From home to the shed was a fifteen minute bike ride, less than five minutes in and a small boy rode his tricycle off the pavement, right in front of me, and I came a cropper. Not the ideal start to the first firing turn. It was a Saturday evening, in March, and the turn was station pilot, you booked on and got your engine ready, ours was one of the Ivatt 2-6-2Ts, just like that in the photo.
After signing on, the next job was scanning the board to see which engine we were booked and what road she was on. I was, as you can imagine, well early and my driver hadn’t arrived so I set off for the engine, all clean blues and shiny grease top. Once on board, check the fire and the gauge glass whilst trying to remember all the little jobs to do, check the smoke box door is sealed tight, check and fill the sand boxes but, before I did that it was time to get the dart out and spread the fire, which the steam riser had kept going under the door, and put a few choice shovels full on.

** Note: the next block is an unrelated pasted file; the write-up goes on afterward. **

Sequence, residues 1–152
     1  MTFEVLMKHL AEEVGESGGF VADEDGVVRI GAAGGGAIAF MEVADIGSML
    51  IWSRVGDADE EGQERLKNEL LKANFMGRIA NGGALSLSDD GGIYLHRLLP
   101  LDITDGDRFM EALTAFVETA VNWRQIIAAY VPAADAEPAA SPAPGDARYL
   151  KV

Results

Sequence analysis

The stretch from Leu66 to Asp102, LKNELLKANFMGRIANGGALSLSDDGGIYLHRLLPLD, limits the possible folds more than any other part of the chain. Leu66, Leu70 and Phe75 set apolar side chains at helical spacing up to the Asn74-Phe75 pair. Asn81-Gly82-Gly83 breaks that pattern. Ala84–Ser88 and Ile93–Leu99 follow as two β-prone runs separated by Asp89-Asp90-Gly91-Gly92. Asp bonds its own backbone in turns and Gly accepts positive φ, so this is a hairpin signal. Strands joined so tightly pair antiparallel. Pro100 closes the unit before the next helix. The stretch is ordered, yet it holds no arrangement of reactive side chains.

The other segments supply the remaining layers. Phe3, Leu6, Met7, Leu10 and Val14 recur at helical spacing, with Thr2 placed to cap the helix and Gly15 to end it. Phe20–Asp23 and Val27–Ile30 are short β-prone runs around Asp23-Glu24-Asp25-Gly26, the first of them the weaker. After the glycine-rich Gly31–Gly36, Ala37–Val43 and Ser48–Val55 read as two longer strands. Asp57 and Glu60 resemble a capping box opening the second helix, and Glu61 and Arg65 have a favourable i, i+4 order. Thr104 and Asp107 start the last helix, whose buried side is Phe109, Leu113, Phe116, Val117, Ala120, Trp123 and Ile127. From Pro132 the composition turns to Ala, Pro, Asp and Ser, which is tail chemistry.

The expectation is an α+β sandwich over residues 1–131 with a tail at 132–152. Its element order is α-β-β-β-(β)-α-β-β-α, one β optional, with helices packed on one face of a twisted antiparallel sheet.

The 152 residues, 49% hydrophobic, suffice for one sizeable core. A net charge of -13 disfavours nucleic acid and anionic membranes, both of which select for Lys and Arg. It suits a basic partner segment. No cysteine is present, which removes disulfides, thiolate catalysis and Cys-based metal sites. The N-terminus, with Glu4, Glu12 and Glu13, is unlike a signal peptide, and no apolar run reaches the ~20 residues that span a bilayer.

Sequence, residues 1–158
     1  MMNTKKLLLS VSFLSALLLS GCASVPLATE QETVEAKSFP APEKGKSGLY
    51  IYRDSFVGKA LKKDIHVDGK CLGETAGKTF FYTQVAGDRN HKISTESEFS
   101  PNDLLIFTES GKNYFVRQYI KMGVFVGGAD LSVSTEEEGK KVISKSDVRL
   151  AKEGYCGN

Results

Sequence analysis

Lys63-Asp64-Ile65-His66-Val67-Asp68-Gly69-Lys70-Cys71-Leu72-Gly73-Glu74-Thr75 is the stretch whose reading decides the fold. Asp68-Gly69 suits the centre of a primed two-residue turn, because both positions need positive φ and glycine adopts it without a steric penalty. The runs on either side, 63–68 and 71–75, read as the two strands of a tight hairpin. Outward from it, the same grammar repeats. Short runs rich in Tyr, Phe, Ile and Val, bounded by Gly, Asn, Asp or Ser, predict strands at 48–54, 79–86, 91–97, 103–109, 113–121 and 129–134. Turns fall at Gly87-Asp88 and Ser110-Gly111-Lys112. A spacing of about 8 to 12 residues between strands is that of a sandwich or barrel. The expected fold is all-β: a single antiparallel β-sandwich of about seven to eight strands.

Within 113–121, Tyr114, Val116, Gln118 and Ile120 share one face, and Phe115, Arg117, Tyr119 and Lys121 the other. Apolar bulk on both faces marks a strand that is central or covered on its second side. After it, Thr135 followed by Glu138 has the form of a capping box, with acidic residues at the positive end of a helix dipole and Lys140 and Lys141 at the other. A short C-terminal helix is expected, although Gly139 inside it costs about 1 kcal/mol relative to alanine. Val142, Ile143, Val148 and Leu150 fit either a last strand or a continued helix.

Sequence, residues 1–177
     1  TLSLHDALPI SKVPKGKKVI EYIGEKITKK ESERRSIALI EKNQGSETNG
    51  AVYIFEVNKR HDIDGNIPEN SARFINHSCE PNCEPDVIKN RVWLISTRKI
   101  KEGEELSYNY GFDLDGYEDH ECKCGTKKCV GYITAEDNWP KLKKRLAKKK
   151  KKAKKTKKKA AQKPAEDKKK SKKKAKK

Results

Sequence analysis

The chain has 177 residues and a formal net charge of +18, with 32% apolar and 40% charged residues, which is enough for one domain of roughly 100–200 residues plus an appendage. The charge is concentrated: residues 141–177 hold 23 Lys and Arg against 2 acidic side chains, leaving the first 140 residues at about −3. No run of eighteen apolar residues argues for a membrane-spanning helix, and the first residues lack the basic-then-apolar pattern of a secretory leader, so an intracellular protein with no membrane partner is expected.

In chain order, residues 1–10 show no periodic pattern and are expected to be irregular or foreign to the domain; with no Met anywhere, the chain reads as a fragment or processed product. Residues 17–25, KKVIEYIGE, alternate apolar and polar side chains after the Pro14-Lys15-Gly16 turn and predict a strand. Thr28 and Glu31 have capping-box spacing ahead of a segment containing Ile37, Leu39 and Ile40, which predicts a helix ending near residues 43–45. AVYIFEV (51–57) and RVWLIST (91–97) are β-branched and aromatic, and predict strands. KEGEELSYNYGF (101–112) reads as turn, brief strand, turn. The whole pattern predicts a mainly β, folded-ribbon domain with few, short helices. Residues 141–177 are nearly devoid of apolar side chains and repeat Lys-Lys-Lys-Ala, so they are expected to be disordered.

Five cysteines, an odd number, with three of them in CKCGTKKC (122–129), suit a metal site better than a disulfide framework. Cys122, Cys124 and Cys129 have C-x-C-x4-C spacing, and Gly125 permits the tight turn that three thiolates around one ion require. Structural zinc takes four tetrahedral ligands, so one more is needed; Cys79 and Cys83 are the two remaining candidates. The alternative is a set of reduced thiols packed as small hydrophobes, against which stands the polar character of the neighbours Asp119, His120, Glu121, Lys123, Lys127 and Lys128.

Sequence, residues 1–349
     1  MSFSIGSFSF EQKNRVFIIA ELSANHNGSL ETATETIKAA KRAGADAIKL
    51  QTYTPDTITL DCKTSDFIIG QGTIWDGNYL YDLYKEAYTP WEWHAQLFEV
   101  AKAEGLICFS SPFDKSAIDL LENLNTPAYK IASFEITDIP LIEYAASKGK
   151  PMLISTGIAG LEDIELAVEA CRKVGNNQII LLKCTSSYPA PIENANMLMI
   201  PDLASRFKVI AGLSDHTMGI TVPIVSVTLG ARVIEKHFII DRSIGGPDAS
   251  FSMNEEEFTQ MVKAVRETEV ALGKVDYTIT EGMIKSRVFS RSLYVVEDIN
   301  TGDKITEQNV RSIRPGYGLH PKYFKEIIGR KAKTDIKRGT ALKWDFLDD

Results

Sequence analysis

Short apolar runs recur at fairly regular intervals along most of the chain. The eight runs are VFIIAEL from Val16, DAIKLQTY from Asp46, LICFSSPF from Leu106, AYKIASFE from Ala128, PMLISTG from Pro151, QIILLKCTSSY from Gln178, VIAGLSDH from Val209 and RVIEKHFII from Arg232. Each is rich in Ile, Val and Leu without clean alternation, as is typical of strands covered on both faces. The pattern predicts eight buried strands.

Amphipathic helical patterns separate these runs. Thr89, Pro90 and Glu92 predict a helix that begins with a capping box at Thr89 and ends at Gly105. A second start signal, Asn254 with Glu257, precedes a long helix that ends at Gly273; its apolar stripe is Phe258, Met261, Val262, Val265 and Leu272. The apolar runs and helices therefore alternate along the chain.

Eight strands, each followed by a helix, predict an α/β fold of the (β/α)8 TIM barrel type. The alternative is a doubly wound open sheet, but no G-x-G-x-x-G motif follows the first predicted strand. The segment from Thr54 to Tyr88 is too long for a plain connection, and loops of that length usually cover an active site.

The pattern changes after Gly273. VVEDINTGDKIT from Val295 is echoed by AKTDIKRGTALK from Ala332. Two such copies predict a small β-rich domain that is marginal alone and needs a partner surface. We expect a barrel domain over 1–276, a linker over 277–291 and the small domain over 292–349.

After getting the fire cracking it was off to the stores for the bucket, spanners, detonators, and engine lamps, the gauge lamp was already on the engine. When I returned my mate had arrived – he had me go to the stores for a bottle of engine oil and one of steam oil. Back on the footplate I trimmed and lit the lamps, put more coal on the fire before putting the brush and slacker pipe to use damping the coal and cleaning the cab.
You were given an hour to get your engine ready and it seemed to be gone in no time. However, before going off shed there were a couple of last little jobs, put the lamps on for ‘light engine’, take coal and water, and most important of all go to the mess room and make a brew.
To be continued.
If you have enjoyed my blogs – I have written a book about my 60 years involvement with railways, from trainspotter, via steam age footplateman, to railway author and photographer, this is a link to it: